The Government's flagship policy of free tertiary study starts coming into force on Monday.
Anyone who hasn't studied before will now be able to apply for one year of fees-free university or two years free industry training.
The amount students can claim in allowances and living costs has also been boosted by $50 a week.
The Government plans to make two years of university free by 2021, and three years free by 2024.
The fees-free policy is expected to cost $340 million a year, and the increase to student support a further $270 million a year.
Education Minister Chris Hipkins believes the cost is worth it in the long-term.
"The higher the level of skill, the higher people's incomes tend to be and that's got to be good for them as it means they have a higher standard of living," he says.
"It's also going to be good for the country as we'll have a collectively higher income,
"The people who're more highly educated tend to pay more tax, therefore it's a really good investment on the Government's part because we recoup far more than what we invest over that person's lifetime."
However, National claims the policy is being pushed by ideology instead of evidence.
"They've shown no evidence that the cost of fees is a barrier," says tertiary education spokesperson Paul Goldsmith.
"Large numbers of people are going through tertiary education and on average everybody pays off their debt within seven years."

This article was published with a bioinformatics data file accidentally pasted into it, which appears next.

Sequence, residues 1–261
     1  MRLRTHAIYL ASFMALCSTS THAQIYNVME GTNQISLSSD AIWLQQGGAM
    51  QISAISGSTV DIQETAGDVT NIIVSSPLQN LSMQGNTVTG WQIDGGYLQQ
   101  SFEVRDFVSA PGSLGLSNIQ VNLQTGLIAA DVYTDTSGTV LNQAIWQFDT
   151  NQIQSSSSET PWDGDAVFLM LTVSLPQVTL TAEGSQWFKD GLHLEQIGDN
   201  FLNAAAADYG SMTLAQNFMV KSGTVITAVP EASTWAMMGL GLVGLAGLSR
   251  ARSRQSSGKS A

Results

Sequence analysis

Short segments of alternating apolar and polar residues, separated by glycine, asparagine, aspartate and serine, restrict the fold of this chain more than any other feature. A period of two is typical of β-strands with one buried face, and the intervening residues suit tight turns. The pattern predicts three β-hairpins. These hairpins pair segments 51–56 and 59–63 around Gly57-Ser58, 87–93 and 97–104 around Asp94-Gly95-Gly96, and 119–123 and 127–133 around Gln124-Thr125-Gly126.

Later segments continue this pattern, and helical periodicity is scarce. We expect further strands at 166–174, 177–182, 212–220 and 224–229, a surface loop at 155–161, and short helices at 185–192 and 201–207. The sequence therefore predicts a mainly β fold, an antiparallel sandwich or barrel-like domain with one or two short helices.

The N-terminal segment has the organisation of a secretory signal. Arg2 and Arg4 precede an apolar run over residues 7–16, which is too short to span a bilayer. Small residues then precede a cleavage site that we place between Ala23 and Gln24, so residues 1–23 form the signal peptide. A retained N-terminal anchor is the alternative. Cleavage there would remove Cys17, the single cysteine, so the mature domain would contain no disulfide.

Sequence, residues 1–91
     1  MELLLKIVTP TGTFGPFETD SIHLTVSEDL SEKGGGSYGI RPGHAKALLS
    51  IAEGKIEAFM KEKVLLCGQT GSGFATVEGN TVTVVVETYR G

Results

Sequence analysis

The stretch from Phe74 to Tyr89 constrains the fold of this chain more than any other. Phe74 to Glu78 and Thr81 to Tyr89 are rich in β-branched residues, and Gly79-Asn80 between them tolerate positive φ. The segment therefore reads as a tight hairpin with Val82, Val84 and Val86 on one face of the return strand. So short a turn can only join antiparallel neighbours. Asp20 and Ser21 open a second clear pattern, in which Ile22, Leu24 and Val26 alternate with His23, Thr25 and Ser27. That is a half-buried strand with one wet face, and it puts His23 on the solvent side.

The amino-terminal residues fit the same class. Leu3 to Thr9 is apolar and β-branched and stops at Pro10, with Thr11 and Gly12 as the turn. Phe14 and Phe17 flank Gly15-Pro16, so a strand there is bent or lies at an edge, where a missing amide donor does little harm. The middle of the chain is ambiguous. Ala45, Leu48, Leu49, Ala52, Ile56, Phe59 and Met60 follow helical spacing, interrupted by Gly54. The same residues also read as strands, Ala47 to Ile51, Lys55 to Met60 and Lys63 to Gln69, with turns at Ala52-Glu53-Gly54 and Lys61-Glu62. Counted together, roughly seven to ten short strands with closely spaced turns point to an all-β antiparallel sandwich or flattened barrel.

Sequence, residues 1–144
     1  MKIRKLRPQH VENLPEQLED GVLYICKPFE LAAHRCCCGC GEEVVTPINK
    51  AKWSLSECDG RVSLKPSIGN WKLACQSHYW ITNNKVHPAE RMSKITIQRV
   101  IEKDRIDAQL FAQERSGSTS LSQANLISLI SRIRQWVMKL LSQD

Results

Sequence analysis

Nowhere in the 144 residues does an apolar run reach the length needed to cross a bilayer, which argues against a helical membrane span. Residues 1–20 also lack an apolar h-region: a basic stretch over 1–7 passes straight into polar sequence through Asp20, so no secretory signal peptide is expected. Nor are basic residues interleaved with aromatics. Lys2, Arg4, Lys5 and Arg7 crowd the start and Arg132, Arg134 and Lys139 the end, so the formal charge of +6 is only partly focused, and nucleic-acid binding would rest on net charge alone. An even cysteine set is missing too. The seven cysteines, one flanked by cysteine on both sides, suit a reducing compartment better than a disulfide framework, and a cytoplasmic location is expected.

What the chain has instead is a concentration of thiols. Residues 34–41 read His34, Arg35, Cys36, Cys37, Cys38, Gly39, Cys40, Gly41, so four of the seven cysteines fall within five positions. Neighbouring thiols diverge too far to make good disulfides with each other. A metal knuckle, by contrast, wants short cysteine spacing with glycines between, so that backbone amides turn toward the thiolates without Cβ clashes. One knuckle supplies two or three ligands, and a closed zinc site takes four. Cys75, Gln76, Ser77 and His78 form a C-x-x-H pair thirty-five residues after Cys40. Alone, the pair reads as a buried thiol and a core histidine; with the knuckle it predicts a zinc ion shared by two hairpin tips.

Mr Goldsmith also questions whether rich people should have the same right to free study as those who are most in need.
"There may have been an argument for spending a bit more money to target those who are really struggling," he says.
"However, instead of doing that they're spending billions to just give more money to everybody."
Mr Hipkins is unapologetic. He says "education is a public good and everyone should have access to it".
"Everybody pays their taxes and therefore everybody should benefit from free tertiary education."
The country's student unions are in celebration mode.
"Tertiary study prepares people much better for the workforce," says Union of Students' Associations president Jonathan Gee.
"What we're creating are more graduates who're work ready – but more than that we're creating a more well-rounded society."
Mr Gee says the boosts to allowances and living costs will make a big difference in the lives of students.
"Over the last few years students have been struggling to meet their basic needs, particularly in light of rising rents and food prices," he says.
"This will allow students to hopefully be able afford a flat that's not cold and damp, as well as other necessities."